It’s spring here in Washington DC – the season of daffodils, cherry blossoms, and – for public school students – standardized testing. For about a decade, the federal No Child Left Behind Act (NCLB) has mandated that U.S. public school students in particular grade levels take assessments each year to determine whether they have achieved proficiency in reading, math, and (more recently) science. While for many students standardized testing may feel like just another sign of spring, recent news reports remind us that this rite of passage is contested and can have significant consequences for students, their schools, and their communities.
Over the past two weeks, we have seen:
- The indictment of 35 teachers, principals, and administrators in Atlanta Public Schools, including the system’s former superintendant, for their roles in a standardized testing cheating scandal.
- Hundreds (if not thousands) of people protesting the proposed closure of 54 public schools in Chicago, the largest proposed single-year school consolidation in history.
- Protests and a lawsuit designed to stop the closure of 15 public schools in Washington DC, following the closure of 23 schools in 2008.
- The organization of “Occupy the US Department of Education 2.0,” a multi-day gathering of education activists outside the U.S. Department of Education to protest corporate and for-profit education reforms.
Over the past decade, school reform policies have changed everyday life in schools and communities, particularly those located in urban areas. Under NCLB, schools that repeatedly fail to raise the test scores of students in certain subgroups (e.g. minority, low-income, English language learners) are subject to a series of progressive sanctions that culminate in the potential closure or reorganization of the school. According to a report from the Center on Education Policy, about 90 percent of schools subject to this last stage of NCLB sanctions are located in urban districts.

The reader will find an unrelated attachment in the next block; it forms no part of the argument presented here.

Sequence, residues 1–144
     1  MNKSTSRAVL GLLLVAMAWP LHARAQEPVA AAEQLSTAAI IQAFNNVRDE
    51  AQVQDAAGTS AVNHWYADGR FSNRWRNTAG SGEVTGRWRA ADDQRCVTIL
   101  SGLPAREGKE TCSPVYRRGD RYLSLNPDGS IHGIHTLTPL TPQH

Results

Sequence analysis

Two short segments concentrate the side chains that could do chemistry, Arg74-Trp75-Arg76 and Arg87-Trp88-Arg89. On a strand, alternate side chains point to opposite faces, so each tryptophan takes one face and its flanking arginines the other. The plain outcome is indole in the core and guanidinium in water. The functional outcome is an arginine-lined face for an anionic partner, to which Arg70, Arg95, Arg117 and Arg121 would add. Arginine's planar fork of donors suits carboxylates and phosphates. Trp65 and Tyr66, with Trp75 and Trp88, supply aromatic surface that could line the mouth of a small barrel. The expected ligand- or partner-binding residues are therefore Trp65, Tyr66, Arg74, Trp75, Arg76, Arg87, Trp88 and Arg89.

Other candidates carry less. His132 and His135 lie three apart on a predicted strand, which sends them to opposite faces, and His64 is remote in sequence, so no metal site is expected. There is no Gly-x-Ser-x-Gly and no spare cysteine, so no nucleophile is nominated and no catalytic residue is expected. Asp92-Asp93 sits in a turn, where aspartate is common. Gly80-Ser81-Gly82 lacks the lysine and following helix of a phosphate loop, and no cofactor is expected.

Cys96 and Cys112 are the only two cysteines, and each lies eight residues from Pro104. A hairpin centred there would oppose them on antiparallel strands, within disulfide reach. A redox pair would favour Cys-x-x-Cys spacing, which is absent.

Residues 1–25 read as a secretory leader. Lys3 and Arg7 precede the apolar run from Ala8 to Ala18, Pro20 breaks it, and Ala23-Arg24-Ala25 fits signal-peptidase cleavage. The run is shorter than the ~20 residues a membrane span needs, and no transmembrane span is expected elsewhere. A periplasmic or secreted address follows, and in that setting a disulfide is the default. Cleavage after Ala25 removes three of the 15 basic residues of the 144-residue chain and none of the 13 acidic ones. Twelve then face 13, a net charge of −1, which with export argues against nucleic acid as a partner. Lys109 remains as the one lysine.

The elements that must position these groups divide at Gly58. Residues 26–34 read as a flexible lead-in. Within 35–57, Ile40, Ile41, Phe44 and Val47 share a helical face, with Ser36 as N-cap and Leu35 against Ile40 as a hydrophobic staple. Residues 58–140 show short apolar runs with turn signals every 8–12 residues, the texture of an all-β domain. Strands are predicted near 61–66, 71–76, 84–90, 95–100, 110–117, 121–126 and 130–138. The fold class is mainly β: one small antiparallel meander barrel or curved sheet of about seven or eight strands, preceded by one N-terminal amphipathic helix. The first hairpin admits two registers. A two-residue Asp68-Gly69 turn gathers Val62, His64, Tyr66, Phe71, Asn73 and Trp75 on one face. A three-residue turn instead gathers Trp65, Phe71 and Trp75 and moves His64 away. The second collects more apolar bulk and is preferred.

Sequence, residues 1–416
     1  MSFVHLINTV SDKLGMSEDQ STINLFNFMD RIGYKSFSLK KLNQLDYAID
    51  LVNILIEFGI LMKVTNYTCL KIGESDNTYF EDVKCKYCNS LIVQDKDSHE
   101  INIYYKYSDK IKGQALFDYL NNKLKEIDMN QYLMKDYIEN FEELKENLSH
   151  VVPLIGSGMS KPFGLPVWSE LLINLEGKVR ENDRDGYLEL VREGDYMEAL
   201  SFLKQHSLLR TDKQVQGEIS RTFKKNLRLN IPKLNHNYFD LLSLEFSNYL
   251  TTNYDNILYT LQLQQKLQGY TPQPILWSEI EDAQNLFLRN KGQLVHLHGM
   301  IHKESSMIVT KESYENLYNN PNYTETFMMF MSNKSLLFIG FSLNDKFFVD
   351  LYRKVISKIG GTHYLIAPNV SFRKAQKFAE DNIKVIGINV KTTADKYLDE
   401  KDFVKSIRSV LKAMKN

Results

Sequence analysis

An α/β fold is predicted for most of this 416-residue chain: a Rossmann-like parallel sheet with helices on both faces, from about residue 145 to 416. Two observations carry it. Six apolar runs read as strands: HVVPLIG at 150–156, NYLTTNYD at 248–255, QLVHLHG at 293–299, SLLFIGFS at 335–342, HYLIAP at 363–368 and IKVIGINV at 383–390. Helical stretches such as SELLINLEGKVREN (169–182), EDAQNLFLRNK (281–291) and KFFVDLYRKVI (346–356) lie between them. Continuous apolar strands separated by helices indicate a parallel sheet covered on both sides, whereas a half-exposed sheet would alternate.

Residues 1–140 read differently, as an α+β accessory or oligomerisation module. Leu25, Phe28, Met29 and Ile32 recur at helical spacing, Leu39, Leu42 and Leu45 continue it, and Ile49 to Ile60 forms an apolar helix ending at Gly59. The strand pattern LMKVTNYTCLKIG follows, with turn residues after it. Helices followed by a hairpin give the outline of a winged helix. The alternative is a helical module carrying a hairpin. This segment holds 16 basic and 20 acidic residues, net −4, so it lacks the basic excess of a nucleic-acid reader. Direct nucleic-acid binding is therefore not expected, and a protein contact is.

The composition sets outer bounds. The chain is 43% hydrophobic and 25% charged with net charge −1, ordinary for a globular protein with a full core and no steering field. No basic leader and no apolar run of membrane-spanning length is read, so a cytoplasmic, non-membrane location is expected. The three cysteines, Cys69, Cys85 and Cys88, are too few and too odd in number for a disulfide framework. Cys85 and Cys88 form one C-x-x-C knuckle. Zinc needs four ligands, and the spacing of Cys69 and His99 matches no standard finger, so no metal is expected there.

There are several reasons for the disproportionate impact of education policies on urban areas, according to the CEP report. First, urban schools tend to be more diverse than suburban and rural schools, meaning that they have more subgroups of students that are required to meet “annual yearly progress” (AYP) goals. (If one subgroup missed a target, until recently, an entire school could be labeled as failing to meet AYP.) Second, urban school districts tend to be larger than suburban and rural districts, with more schools that are required to meet AYP. Third, urban schools serve a larger proportion of low-income students, who are often less likely than their higher-income peers to score at a proficient level on standardized tests.
The implementation of school choice models and the growth of charter schools have also led to school closures in urban areas as more families move from public to charter schools. Whether school choice operates as a benefit or a burden to urban families can often depend on a family’s resources: time to visit schools and fill out applications and funds to transport students outside of the immediate neighborhood to attend school. School reorganization also can have repercussions in households even without school age children. In her study of education reform in Chicago, Pauline Lipman found that education reform and housing reform policies were often “intertwined” such that school closures and housing redevelopment contributed to processes of gentrification in low-income communities.
Standardized testing has become “high stakes” not only for students, their teachers, and their schools but for their local communities as well. Learn more about the Chicago school closures and hear from some of the individuals who attended the protest here: